This is a most unusual Japanese pottery piece which consists of five small jarlets - four on the bottom and one at the top - joined together with four loop handles and luted together at the sides. Two of the four bottom jarlets have protruding elephant head handles on their side.
The jarlets are roughly potted - almost a Mingei folk art look to them. The pottery has a dark brown glaze - no artist's mark that we can find...
A pottery blowfish Suiteki - late Edo to early Meiji. Small, fish-shaped suiteki or water dropper is hand made and rough in design - we think the fish is a blowfish. The suiteki were used to dampen the ink cake used by scholars in preparing the ink for calligraphic work. It appears to be some type of early studio pottery and measures 3" long, 2" high and 1.75" wide...
A very unusually shaped Meiji period Sencha steeped tea tea-pot stamped below the handle by the maker and decorated with a kanshi poem by Nyo-nyo-Do enclosed in an old wooden box. 12.5 cm (5 inches) talland in fine condition.
Antique Japanese Oribe Stoneware Bowl. Edo period, 18thC. Beautifully decorated in the traditional early Oribe style. Very large and rare form, with twisted design handles on each side. in generally good condition, with some rim chips and original firing frits and crack. This is a lovely example, with great character. 14.75"(37.5cms) diameter, 8.5"(21.5cms) deep at the handles.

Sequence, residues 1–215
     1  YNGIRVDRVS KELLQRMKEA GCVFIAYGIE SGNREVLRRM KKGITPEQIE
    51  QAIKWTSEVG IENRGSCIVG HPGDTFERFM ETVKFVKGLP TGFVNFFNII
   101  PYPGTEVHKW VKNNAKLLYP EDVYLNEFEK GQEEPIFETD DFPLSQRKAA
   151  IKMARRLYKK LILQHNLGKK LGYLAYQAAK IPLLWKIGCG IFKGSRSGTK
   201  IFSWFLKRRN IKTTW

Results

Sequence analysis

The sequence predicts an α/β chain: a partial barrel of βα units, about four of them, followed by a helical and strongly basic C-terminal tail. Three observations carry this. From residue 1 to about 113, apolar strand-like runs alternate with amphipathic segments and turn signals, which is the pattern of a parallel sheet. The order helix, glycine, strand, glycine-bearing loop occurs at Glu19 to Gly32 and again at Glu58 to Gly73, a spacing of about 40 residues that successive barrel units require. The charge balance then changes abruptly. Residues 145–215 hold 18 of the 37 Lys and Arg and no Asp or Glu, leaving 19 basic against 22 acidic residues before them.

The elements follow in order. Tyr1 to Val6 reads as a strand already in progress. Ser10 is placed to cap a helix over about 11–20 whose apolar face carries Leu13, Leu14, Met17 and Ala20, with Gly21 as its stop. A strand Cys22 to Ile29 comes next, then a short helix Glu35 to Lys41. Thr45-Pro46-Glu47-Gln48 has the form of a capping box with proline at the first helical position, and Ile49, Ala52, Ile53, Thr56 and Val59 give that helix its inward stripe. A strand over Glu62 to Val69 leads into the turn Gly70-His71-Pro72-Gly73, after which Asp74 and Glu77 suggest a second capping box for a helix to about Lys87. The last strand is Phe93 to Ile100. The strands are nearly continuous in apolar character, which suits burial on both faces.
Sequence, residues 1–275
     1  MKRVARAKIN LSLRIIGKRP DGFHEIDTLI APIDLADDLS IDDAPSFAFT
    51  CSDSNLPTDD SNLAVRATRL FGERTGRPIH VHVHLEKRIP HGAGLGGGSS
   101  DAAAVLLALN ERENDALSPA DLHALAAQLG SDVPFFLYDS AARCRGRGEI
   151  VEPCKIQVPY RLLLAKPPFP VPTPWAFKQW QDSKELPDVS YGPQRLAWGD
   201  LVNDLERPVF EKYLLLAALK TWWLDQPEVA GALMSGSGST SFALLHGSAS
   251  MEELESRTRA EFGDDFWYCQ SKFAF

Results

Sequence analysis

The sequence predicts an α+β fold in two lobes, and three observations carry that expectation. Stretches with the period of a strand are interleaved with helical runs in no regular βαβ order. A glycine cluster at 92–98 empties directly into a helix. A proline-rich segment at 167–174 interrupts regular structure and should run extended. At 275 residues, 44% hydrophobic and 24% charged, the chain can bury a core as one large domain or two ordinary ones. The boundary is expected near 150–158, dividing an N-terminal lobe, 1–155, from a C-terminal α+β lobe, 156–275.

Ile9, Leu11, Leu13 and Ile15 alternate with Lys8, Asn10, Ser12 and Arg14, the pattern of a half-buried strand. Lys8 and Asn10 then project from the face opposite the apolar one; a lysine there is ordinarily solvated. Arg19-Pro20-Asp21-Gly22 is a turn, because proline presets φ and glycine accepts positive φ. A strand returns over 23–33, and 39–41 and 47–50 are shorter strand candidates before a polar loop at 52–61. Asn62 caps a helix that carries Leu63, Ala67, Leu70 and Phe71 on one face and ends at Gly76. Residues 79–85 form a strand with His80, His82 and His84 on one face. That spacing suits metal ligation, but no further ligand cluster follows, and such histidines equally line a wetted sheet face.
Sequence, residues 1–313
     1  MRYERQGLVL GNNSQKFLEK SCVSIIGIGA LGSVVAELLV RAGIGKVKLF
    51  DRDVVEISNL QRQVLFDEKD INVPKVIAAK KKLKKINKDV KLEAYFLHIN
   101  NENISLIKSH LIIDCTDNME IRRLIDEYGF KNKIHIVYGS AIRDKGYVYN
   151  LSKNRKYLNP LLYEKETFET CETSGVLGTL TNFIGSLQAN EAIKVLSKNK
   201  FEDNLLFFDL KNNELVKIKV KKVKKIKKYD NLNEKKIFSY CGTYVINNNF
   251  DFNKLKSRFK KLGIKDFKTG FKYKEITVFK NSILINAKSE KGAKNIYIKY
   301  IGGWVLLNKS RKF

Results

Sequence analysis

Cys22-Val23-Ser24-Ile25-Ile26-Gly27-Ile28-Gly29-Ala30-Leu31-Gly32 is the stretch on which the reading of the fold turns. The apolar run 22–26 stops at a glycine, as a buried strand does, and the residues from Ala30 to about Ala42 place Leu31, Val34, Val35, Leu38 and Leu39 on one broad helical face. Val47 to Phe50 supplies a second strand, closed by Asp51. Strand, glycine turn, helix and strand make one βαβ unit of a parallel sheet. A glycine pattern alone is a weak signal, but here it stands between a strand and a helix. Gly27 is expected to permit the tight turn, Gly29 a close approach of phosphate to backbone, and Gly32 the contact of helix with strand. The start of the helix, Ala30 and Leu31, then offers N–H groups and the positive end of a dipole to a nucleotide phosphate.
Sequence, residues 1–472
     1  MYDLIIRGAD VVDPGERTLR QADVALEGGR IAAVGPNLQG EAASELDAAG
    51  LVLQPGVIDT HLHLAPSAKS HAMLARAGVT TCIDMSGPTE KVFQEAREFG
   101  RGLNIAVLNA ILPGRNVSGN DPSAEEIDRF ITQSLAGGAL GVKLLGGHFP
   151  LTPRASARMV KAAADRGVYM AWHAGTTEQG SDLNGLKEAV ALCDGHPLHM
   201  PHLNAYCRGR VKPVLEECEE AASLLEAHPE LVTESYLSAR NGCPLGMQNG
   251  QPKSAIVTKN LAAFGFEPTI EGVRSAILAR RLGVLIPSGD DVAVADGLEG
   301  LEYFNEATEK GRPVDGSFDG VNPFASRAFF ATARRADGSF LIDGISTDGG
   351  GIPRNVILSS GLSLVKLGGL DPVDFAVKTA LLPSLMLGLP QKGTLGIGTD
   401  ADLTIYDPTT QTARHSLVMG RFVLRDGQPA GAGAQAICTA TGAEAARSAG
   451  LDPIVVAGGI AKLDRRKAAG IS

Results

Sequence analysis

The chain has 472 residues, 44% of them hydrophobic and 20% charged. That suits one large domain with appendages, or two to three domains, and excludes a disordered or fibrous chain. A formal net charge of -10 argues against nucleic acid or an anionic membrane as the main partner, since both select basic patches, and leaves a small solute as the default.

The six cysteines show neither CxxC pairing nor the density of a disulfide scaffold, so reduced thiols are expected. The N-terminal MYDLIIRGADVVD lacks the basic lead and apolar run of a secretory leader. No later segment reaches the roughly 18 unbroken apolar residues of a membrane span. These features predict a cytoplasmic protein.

Antique Japanese Oribe Stoneware Teapot. Meiji period. An unusually large teapot, beautifully decorated in the traditional Oribe style, with wrapped cane handle. 13"(33cms) tall.
A charming Japanese pottery water dropper, suiteki, used by scholars in preparing the sumi ink for calligraphy. This fine piece is shaped in the form of Mt. Fuji - but has the face of Okame peeking out of the side. When looked at from the side, the peak of Fuji-San then resembles a pointed hat on Okame's head...
'Wabi' and 'Sabi' original tropic pottery single‐flower vase (originally flask) as the existent rare local folk ware from 'Yaeyama' as the group of islands in the southwest of Okinawa Prefecture,
dated back to 19th century or earlier.
Impressive imperfect proportions as is, and spontaneous and unintentional exquisiteness ('landscape') by such romantic glazing beyond description.
Actually, hardly found such an actual presence from Yaeyama even in the domestic market today and...
'Wabi' original tropic pottery single‐flower vase (originally flask) as the existent rare local folk ware from 'Yaeyama' as the group of islands in the southwest of Okinawa Prefecture,
dated back to 19th century or earlier.
Spontaneous and unintentional elegance with profoundness ('landscape') of such superfine 'temmoku' glazing, in perfect "torso" condition as just it is and as seen.
Actually, hardly found such presence from Yaeyama even in the domestic market today and in ...
This is an early Japanese blue and white rectangular potter dish from the late 18th to early 19th century. The design – executed in underglaze cobalt blue – is of a landscape scene next to a lake. There is a small hut surrounded by tall trees (one a weeping willow) on the near side - a fisherman out on the lake – and a distant shoreline with more trees. The pottery is very rough with a great many small firing bubble holes that are characteristic of Japanese pottery of this period...